Joshua Siegel, MD, founding member of Access Sports Medicine & Orthopaedics in New Hampshire, opened the Access Sports Medicine ASC last year, the second ASC he developed with other physician-owners.

Here, Dr. Siegel shares his insights on the benefits and challenges of developing an ASC as a physician:

Note: Responses have been lightly edited for style and clarity.

Question: What was the process like, developing the Access Sports Medicine ASC as a physician? What advice would you give to other physicians looking to develop an ASC?
Dr. Joshua Siegel: 

Developing and building a new ASC is a lot of work, but with the right architect and builder, it can absolutely be done without engaging an ASC development company. We spent some time researching sites and purchasing land and then set up consistent weekly meetings to move the project forward. Staff would meet once a week, and meeting with the architects and builders would occur bimonthly.

Healthcare architects are important because they understand the flow through a healthcare facility, although one has to be careful. Healthcare architects that have mainly worked with hospitals tend to overbuild, not recognizing the importance of efficient design and costs that make lower reimbursed non-hospital-based projects viable. On the other hand, I have noticed that ASC companies like to only consider healthcare facility builders. I feel that shuts out many talented local builders who help support the local economy.

My recommendation is to hold multiple meetings, use a healthcare architect and a local builder, and have a reliable staff you can depend on to complete tasks. Start with a small group of physician-owners so you can get the ASC off the ground, and then offer equity later to others after the center is up and running.

Q: What are the benefits of developing an ASC with a surgeon-owner? What are the challenges? Looking back, is there anything you’d do differently?

JS: This is the second time I’ve built an ASC. I built one in 2000, and I opened another one last year. The benefits of having surgeon-owners are the shared vision and the common purpose. The ASC is a place where we will spend a good part of our professional lives, and we want to be able to have a facility that is comfortable, warm and inviting. We want efficiency, great staff and a good flow. Non-physician owners may say they want the same, but either do not understand what that is or cannot provide it. The surgeons have to have control to get what they want. That way, everyone who is producing value is also benefiting from the building of the ASC. I think when you start getting other companies involved, whether they’re ASC companies or equity partners, there is not the type of alignment that leads to all physicians being satisfied with the end product.

Healthcare is also very local or regional. Local surgeons recognize the need for certain equipment, alliances, relationships and services in their local markets whereas outside investment may not.  

The challenge of developing an ASC as a surgeon-owner is the time spent away from clinical duties to get it done. Negotiating the purchase of the land, the building, the leases, the equipment, the hiring, the oversight — all take time and can be hard, if not impossible, to delegate. But, if you recategorize this as learning rather than a chore, it can be fun and exciting. Our group was fortunate in that we avoided the arguments common among doctors who build ASCs mostly because of the shared vision I mentioned earlier.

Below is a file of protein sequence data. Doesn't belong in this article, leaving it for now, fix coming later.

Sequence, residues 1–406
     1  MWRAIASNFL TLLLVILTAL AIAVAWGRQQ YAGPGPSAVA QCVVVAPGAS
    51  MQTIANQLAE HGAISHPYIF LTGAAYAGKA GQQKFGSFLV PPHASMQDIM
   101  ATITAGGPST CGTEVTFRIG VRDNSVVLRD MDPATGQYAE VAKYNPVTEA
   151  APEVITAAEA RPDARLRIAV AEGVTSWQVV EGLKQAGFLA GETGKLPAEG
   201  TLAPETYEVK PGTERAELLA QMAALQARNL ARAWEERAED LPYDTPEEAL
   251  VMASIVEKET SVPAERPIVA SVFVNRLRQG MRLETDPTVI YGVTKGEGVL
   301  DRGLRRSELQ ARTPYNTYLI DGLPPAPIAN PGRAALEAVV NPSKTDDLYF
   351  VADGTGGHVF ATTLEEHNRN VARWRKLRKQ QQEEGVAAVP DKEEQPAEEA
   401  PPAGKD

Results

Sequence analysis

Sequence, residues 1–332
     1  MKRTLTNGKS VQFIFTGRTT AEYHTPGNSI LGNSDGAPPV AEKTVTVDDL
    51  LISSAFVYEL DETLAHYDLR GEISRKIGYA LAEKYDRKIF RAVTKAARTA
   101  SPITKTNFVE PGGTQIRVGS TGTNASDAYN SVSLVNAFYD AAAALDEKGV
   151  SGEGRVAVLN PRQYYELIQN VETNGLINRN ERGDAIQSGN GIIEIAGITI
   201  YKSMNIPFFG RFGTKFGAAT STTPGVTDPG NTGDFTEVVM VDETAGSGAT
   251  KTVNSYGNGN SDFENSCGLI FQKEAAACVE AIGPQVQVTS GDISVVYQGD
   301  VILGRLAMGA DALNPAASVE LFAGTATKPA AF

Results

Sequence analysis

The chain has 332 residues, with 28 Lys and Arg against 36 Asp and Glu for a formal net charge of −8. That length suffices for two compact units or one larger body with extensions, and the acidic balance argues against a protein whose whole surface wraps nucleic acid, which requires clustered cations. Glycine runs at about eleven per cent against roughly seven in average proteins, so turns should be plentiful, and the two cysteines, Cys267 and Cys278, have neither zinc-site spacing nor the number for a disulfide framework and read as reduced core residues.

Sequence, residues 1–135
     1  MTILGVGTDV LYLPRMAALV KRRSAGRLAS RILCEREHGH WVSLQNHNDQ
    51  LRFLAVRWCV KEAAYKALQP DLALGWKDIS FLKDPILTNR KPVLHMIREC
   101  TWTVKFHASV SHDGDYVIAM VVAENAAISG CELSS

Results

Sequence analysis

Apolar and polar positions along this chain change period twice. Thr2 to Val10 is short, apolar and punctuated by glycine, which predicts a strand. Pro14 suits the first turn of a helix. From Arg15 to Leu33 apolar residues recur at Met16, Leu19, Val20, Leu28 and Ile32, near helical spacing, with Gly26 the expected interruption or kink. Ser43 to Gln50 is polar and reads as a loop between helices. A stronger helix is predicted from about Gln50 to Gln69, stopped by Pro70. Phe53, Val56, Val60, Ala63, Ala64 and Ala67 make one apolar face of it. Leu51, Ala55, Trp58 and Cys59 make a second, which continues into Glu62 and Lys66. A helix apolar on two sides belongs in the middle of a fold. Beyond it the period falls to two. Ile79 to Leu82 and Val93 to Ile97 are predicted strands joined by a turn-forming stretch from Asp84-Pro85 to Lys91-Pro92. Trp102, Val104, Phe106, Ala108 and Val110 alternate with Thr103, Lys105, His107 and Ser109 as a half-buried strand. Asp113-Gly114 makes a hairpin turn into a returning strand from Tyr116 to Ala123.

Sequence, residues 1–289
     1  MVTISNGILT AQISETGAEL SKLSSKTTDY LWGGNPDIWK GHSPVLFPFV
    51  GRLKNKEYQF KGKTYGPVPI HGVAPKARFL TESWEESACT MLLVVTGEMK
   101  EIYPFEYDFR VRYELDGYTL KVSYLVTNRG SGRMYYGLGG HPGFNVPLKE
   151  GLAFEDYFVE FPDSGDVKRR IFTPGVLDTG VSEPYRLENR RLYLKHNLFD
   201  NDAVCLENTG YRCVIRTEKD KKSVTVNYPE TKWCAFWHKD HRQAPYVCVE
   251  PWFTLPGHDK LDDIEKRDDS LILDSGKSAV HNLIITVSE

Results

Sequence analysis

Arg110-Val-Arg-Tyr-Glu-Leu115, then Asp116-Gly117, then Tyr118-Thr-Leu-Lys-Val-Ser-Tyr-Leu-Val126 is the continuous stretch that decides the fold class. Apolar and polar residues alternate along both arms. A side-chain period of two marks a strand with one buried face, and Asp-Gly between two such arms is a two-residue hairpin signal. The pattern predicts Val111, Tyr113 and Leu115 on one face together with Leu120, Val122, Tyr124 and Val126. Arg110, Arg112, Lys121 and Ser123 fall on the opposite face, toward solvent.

One mistake is that we went with a nonlocal vendor for non-ortho equipment (beds, monitors, etc.) that performed poorly. I would consider contracting only with vendors who guarantee timelines and back their commitments with penalties and incentives. Our experience with this vendor was poor, and we had a delay in opening, which was costly.

One mitigating equipment aspect to our build is that we had a great partner in Smith & Nephew, who helped us with procuring orthopedics equipment and financing.

Q: Can you touch on advances in minimally invasive surgery/anesthesia? What trends in outpatient surgery are you most excited about?

JS: The largest contributors to the growth in outpatient surgeries are from anesthesia and surgical technology advancements. Regional blocks, indwelling catheters, better use of short-acting agents and opioid-free surgeries have been instrumental in allowing cases that used to require overnight stays to go home on the same day.

Technological advances, such as better visualization and instrumentation systems, have made the surgeries quicker, less invasive and more thorough, allowing us to do more in less time. That has downstream effects on recovery, infection rates and outcomes that allow us to expand the indications for surgeries.  

So not only is the market growing as the population grows and ages, but the actual procedures we can do in an outpatient setting  are also growing.

Lastly, growth is also occurring through new procedures that address problems that previously had no surgical options.

I am also very excited about the blossoming biologic field in orthopedics. We are seeing traditional orthopedic procedures either augmented, or even replaced, by biologic advancements in our field.

Q: Where do you expect to see the ASC industry going in 10 years?

JS: The ASC industry is going to continue to grow — maybe even logarithmically. Hospitals have gotten into the game, recognizing that the same or better care can be delivered more conveniently and more cost effectively by developing ASCs. With private equity also getting into the game, we will see the number of ASCs continue to increase to meet the market needs.  Consolidation has also emerged and is stimulating the building of more independent ASCs. Clearly, the entire healthcare industry recognizes the vital role of ASCs in the healthcare delivery system.

Written by Rachel Popa for Becker’s Spine Review on May 15, 2019